The RDX puts the old generation firmly in the rear-view mirror.
Words by: Adam Allen
The new RDX, eh? Pretty snazzy!
We feel secure in saying that Acura’s third generation RDX is more striking then the others to come before it and we’d feel comfortable to throw it into the mix as one of the more handsome luxury crossovers you’ll find plying your local roadways. That we’re saying this about a company who once decided their design language would be an alien bird-like appendage at the front they called the “Power Plenum” but most just called it plenum ugly-is remarkable. It’s certainly no wallflower like the previous generation, which was kind of unremarkable until you realize that there are a ton of them out there- it’s one of Acura’s best selling models. The new RDX nods towards the the first generation of RDX, a car that was ground-breaking when it burst onto the scene with a turbo engine, a trick AWD system and a cockpit that looked like the spiritual successor to the Honda Prelude while taking little from its predecessor. Clearly, our tester picks up after its ancestor left of- allowing, no, encouraging the driver to have fun. Not many crossovers doing that these days, are there?
It’s pretty snazzed up inside, too.
As with the exterior styling, the Acura guys and gals made sure the interior could keep up. If the last RDX was a hospital- functional but antiseptic- the new one is more like those trendy, modern designed boutiques where you’d expect to find hi tech audio equipment. Which is fitting, because the ELS stereo on our Platinum Elite tester positively rocks, even making the underwhelming, tinny sound quality typical of Sirius XM radio sound full and rich. That stereo is bundled into the newest generation if infotainment systems we can expect from Acura over the next few years called True Touch Interface (TTI) which, aside from the wholly welcomed volume knob (and physical controls for the climate control system) had has cursing a blue streak. At first blush, you might think you’ve stumbled into an interface actually worse than the old stacked two screen unit and we began to fear that TTI had plumbed new depths of awful. That was a knee jerk judgement- after spending time in the RDX and getting to know TTI more intimately we swung to the other side of the spectrum and became big fans. Once you get used to the cursorless selections and that it intuitively picks up where your finger is relative to the command you want to execute, it was like the cliché lightbulb above our heads becoming illuminated. It is a MUCH better system than before- just give yourself time to learn the way it works and you’ll be good. The interior as a whole is a rewarding place to spend time- front and rear passengers alike will feel like Acura paid equal attention to their respective comfort levels. In drawing on the know-how of parent company Honda and their expertise in packaging- everyone has room to make themselves comfortable, and the space in the cargo hold is maximized for carrying capacity. Our fully loaded Platinum Elite tester was carrying a serious amount of standard kit- think every active and passive safety feature you can think of, plus other goodies like adaptive dampers, and were you to spec some of its German competition in similar fashion you’d find the asking price would swell to much higher than what Acura is asking. Overall, despite the nod to an inherently sporting disposition, the RDX with its laminated glass (standard on every trim level) proved itself a hushed and composed companion on long distance drives which folks will appreciate when not exploiting the newfound friskiness of the updated chassis.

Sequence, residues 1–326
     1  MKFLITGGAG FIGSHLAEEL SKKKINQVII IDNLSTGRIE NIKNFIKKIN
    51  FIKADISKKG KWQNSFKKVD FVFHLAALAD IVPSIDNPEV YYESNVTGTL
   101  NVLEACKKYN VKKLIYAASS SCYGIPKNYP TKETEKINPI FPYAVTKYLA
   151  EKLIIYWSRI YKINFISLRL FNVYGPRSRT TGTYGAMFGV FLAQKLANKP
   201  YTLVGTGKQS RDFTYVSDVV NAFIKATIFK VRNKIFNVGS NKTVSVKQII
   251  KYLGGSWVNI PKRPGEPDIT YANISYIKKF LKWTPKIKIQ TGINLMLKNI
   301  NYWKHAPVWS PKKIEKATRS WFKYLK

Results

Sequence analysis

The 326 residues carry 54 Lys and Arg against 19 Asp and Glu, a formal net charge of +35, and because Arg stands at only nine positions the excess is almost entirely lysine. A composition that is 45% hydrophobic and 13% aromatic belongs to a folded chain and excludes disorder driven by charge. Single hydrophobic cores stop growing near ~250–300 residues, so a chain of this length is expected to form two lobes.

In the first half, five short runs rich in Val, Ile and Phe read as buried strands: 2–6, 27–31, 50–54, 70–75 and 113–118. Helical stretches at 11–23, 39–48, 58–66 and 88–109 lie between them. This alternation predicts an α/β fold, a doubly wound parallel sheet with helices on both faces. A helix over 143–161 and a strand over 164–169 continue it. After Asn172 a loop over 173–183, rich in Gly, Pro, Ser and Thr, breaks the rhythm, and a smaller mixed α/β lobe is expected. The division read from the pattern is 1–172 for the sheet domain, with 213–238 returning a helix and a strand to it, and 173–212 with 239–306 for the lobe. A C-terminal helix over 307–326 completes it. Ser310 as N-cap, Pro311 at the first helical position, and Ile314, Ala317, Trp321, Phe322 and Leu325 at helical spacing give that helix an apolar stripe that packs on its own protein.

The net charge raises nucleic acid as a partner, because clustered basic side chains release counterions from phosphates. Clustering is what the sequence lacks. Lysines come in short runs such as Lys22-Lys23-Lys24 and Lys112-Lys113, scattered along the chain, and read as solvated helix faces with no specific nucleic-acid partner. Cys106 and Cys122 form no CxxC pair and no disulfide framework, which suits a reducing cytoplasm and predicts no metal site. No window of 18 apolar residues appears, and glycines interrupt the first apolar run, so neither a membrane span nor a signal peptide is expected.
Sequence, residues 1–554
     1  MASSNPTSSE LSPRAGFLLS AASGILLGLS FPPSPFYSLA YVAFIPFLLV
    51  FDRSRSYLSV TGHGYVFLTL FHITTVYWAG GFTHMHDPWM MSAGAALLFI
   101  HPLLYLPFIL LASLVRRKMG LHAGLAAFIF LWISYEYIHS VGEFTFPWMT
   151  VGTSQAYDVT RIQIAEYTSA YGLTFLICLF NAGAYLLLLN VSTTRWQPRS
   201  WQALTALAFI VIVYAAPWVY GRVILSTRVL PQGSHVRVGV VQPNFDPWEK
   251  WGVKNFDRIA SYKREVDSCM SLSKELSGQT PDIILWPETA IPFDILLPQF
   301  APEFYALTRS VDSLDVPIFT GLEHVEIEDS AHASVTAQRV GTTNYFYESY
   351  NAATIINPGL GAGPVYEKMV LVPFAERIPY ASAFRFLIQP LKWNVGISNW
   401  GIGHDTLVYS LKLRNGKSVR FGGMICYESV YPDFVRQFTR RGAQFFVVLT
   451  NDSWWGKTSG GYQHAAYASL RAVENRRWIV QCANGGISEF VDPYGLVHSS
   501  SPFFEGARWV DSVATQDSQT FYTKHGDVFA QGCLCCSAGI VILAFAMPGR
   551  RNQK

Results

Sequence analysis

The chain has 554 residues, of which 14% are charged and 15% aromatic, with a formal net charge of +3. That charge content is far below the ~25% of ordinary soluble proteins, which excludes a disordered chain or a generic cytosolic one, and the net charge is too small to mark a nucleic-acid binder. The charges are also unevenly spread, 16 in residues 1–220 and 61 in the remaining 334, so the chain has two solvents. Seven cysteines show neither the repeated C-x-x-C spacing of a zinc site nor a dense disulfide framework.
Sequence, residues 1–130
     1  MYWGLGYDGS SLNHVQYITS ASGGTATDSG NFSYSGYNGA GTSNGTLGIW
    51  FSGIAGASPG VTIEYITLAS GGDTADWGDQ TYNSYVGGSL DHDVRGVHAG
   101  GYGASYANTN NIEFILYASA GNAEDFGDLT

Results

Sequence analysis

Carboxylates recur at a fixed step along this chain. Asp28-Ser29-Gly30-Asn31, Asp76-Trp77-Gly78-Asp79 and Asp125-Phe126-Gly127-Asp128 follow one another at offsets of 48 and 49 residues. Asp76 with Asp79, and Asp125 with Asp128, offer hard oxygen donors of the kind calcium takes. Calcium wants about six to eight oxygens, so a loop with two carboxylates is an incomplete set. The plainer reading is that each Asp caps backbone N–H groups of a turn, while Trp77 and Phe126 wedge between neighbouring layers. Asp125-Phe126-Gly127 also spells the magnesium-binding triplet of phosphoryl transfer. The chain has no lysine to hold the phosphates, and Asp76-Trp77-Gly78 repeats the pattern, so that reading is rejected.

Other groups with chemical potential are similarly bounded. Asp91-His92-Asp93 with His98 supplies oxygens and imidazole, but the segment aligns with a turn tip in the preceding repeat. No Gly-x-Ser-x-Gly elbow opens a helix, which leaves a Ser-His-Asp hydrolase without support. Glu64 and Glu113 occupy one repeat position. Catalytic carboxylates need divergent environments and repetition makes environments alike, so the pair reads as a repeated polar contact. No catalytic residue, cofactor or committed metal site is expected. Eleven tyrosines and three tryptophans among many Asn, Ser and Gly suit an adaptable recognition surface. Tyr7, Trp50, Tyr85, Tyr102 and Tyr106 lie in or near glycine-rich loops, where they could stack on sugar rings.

We’re guessing this RDX is fun to drive.